The international peacekeeping force intervening in Liberia is composed primarily of troops from the Economic Community of West African States (ECOWAS). PBS's Online NewsHour describes the creation, accomplishments, and mission of ECOWAS.

Mother Jones has an excellent summary of arguments for and against U.S. intervention. These arguments were made before President Taylor resigned, but they confront interesting questions about whether it's desirable for the U.S. to play the role of world policeman.

Related to its objections to the International Criminal Court, the United States insisted on immunity for peacekeepers entering Liberia.

On Thursday, 200 U.S. Marines joined ECOWAS peacekeepers to secure Monrovia. Rebel forces withdrew from the capital, allowing the delivery of food and other humanitarian aid to begin.

The Los Angeles Times yesterday reported that in July the Pentagon quashed a report by its own specialists calling for urgent action in Liberia. Defense officials have said the move was "definitely strange" and "inconsistent with our operational procedures." Last week's intervention comes five weeks after the report.


Today, a peace deal was signed between the government and the two rebel groups. The deal, negotiated by ECOWAS, will set up a transitional government in October with elections to follow in two years. Transitional leaders will be announced as soon as Tuesday.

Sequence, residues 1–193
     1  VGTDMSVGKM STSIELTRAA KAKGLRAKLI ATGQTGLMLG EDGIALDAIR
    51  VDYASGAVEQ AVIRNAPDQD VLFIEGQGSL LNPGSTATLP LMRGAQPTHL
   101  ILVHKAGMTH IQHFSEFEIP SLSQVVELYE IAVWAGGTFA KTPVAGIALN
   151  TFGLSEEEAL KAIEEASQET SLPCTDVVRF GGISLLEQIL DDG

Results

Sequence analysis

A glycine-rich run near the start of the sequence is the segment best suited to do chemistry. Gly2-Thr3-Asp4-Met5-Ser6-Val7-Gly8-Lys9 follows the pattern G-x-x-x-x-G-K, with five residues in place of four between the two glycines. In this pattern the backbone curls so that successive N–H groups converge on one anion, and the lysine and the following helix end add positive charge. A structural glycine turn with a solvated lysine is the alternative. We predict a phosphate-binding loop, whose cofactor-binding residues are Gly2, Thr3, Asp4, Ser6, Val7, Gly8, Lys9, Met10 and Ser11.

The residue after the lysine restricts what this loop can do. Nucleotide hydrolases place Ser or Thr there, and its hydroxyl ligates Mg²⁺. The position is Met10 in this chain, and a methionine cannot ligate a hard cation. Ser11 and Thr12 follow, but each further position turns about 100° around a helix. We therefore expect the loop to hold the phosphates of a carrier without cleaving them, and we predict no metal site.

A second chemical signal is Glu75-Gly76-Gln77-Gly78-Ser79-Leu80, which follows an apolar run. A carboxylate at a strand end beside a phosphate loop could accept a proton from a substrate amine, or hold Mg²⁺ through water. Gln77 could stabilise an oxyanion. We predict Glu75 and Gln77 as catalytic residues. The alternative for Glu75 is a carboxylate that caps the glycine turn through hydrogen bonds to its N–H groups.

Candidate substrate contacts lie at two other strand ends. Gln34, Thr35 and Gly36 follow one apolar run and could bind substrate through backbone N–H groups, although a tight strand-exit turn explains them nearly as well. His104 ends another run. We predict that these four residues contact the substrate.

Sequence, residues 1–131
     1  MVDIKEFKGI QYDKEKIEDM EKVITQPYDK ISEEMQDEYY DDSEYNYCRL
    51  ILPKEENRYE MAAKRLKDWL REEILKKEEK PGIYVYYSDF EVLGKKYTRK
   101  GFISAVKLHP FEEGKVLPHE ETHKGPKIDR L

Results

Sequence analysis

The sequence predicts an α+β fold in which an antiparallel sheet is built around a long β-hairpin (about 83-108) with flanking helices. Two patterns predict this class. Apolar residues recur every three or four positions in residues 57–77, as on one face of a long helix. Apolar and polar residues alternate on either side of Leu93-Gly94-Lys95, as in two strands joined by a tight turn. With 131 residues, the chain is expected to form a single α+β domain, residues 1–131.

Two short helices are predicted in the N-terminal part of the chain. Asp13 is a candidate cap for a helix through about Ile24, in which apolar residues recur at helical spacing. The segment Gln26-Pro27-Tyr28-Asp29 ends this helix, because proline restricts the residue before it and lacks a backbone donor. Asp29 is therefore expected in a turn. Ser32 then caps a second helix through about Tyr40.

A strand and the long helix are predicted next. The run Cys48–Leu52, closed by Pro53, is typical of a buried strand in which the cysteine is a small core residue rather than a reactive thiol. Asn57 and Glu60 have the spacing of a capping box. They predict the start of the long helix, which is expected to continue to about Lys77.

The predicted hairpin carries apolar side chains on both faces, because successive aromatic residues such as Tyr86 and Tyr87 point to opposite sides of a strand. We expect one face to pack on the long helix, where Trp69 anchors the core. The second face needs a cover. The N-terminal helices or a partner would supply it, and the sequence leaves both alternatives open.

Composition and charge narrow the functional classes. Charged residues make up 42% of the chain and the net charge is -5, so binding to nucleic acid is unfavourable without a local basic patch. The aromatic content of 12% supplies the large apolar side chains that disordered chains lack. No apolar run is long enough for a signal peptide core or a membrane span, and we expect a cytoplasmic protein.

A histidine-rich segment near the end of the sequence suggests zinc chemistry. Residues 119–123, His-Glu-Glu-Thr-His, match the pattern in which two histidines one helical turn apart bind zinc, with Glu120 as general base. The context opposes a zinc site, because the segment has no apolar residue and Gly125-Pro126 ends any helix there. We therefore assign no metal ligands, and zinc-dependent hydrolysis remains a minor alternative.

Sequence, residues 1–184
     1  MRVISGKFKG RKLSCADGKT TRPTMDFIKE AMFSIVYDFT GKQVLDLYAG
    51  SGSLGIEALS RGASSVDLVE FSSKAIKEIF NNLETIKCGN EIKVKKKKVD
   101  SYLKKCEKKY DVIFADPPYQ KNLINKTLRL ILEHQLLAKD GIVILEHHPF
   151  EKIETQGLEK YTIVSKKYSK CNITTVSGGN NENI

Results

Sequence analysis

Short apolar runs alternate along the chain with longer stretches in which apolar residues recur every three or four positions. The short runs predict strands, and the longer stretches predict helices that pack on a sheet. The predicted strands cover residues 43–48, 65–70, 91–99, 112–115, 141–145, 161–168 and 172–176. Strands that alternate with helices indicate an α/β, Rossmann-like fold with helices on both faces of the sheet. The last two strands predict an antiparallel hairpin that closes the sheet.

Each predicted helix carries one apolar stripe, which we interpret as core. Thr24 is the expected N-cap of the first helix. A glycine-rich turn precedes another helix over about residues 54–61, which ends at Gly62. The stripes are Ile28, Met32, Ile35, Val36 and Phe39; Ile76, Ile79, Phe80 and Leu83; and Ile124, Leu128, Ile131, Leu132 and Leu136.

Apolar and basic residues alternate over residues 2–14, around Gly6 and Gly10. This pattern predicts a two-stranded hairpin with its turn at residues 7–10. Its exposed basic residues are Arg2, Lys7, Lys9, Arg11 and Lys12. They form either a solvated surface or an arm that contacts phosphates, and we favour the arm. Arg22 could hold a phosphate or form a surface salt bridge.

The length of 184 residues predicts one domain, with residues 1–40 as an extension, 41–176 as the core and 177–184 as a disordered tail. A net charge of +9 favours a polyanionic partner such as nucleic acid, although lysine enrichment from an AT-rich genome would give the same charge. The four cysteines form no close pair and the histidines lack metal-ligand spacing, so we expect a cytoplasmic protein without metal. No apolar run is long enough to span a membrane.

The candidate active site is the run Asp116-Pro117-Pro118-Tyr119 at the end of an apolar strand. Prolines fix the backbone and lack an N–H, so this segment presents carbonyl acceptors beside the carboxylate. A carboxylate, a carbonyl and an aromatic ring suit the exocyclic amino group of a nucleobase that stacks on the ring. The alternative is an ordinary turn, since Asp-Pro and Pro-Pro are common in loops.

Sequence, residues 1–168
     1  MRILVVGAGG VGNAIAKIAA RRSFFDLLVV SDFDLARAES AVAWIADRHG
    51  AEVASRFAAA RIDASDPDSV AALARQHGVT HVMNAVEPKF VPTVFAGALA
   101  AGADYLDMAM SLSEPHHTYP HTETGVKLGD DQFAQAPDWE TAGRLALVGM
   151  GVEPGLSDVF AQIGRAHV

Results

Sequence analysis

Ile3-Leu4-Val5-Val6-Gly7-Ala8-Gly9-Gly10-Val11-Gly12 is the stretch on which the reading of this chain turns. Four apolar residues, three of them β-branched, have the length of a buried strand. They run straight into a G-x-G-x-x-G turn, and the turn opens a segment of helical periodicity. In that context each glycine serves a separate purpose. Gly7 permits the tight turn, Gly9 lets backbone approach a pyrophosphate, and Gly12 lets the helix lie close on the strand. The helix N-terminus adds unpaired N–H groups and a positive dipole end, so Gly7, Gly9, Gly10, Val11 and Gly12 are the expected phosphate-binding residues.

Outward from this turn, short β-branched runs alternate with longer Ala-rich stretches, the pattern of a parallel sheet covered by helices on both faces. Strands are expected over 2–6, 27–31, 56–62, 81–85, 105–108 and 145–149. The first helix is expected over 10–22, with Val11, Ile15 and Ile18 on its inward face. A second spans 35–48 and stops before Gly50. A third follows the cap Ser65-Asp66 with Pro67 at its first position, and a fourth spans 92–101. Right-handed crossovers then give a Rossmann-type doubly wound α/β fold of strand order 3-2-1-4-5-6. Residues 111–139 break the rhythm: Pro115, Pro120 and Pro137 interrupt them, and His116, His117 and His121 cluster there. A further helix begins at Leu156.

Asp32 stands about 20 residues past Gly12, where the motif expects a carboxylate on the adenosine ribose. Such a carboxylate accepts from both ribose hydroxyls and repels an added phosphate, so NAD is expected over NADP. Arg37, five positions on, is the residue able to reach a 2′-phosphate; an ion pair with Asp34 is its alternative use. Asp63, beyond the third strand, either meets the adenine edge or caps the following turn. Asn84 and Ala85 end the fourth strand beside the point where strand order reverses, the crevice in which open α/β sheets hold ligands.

Research team:
Leah Appet, Lita Epstein, Kate Kressmann-Kehoe, and Sarah Parady.

Editing team:
David Taub Bancroft, Melinda Coyle, Nancy Evans, Eileen Gillan, Alfred Karl Weber, and Rita Weinstein.


The MoveOn Bulletin is a free weekly collection of links, which represent a broad range of views on important political issues. These links aren't meant to represent the position of MoveOn.org. The full text of the MoveOn Bulletin is online at http://www.moveon.org/moveonbulletin/; you can subscribe to it at that address.

MoveOn.org is an issue-oriented, nonpartisan, nonprofit organization that gives people a voice in shaping the laws that affect their lives. MoveOn.org engages people in the civic process, using the Internet to democratically determine a non-partisan agenda, raising public awareness of pressing issues, and coordinating grassroots advocacy campaigns to encourage sound public policies. You can help decide the direction of MoveOn.org by participating in the discussion forum at:

Posted by Lisa at 10:49 PM
August 16, 2003
Daily Show On Developments In Liberia

This is from the August 11, 2003 program.

Daily Show Liberia Update
(Small - 6 MB)

The Daily Show
(The best news on television.)

Posted by Lisa at 09:33 PM
July 19, 2003
Daily Show Clip: The Shrub Heads To Africa

I don't know what to make of any of this yet. At first glance, it looks like we're looking for an excuse to set up a base in Africa -- but like I said -- I don't know nuthin' about African politics or the history behind the current conflicts over there.

I just know I want to track the situation, and that I don't want to mix this stuff in with the domestic policy issues going on at my Shrub Watch category.

Daily Show On The Shrub In Africa (Small - 9 MB)

The Daily Show
(The best news on television.)

Posted by Lisa at 07:52 AM